In this chapter, the gloom is relieved by the hopeful planning of the three men — George, Lennie, and Candy — toward their dream. For the first time in his life, George believes the dream can come true with Candy's down payment. He knows of a farm they can buy, and the readers' hopes are lifted as well, as the men plan, in detail, how they will buy the ranch and what they will do once it is theirs. But while Steinbeck includes this story of hope, the preponderance of the chapter is dark. Both the shooting of Candy's dog and the smashing of Curley's hand foreshadow that the men will not be able to realize their
When his dog gets shot he does not have much to live for. He cannot work with the other men and now has lost his one friend in the world. After everyone left the barn and a gunshot was heard in the distance Candy turns to George and says "You seen what they done to my dog tonight? They says he wasn't no good to himself nor nobody else. When they can me here I wisht somebody'd shoot me...""I ought to of shot that dog myself, George. I shouldn't ought to of let no stranger shoot my dog.” Here Candy is explaining how he should of shoot his own dog, and how he feels that he is next because he was no different from the
Steinbeck states in the novel, “You seen what they done to my dog tonight?”(60). An example of Candy telling George and Lennie his problems. Candy still feels upset over his dog death by Carlson. But by using that excuse he got George to agree with him, to let him live in the ranch once they earn enough money. With Candy’s help with George and Lennie’s dream, it is easier and now faster for the three of them to get their ranch.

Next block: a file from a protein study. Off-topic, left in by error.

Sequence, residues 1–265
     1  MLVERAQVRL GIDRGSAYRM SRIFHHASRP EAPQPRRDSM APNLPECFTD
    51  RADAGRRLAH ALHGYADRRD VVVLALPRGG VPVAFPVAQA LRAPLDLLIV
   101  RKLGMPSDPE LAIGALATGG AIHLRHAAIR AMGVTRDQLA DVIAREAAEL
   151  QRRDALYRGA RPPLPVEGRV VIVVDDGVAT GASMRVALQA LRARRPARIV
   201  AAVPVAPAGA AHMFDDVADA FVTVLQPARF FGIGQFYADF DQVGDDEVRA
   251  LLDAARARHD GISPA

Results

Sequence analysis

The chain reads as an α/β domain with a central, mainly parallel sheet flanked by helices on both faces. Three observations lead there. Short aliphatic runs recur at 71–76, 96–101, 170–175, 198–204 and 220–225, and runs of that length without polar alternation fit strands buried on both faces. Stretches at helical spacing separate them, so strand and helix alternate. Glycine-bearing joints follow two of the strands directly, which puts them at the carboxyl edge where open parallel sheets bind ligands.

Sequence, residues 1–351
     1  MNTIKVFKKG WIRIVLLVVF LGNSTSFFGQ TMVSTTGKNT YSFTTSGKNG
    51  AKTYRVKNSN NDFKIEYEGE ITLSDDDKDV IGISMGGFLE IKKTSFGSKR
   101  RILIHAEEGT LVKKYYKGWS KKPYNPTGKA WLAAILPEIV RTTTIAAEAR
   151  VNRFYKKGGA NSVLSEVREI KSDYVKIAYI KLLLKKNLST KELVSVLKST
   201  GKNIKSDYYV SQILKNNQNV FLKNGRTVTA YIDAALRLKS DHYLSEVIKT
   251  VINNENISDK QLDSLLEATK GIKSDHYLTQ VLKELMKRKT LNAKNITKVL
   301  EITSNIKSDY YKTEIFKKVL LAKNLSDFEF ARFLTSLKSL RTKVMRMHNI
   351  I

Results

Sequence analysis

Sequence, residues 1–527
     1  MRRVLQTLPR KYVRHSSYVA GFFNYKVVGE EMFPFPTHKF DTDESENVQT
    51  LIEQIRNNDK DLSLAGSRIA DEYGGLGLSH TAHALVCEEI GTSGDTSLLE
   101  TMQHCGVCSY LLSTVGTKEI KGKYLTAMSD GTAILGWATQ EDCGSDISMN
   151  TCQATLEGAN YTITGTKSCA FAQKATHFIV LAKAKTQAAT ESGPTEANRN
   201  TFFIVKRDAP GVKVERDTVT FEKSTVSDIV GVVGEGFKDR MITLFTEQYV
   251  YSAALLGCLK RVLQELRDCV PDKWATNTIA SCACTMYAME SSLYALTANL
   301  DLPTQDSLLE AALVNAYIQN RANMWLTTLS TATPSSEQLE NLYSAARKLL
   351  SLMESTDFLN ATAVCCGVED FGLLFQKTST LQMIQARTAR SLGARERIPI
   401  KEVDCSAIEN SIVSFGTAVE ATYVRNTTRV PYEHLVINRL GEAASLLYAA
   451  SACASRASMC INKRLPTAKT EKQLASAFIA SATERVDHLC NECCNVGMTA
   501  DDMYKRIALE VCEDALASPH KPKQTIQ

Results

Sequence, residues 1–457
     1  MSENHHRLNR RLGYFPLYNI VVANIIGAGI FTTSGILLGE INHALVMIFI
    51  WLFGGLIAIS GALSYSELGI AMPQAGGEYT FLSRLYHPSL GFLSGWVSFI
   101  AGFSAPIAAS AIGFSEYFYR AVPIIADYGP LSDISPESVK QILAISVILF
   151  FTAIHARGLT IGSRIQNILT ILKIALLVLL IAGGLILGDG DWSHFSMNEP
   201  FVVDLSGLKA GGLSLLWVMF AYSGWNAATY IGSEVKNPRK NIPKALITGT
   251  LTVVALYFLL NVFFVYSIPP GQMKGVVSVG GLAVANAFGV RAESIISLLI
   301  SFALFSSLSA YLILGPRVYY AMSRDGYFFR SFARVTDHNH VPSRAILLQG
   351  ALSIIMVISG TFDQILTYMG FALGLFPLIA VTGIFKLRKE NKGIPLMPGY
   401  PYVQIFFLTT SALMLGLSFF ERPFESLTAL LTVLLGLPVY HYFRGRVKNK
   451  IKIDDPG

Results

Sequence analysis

He is an elderly man who used to be a handyman and is now only left with one hand due to an accident he had. He worries often that the boss of the ranch will see Candy as useless and kick him off. Candy also owns a dog that he has had since the dog was a puppy. As the dog was growing up it became a great sheepdog, but now that the dog is older it is seen as a “drag-footed sheepdog, with pale, blind eyes and a grizzled, moth-eaten coat” (pg. 24). It is evident that Candy and his dog show similar traits; by both of them being old, not able to work how they used to, and not really needed on the ranch. Candy isn’t able to put in the amount of work that he wishes he could, and his dog can’t be the excellent sheepdog he used to be because he is much older now. Candy’s dog represents Candy through all the traits they share. This adds development to Candy’s character because when he chooses that it is best for his dog to go, life on the ranch remains the same after and this causes Candy to worry more about himself because he feels the same thing would happen if he were to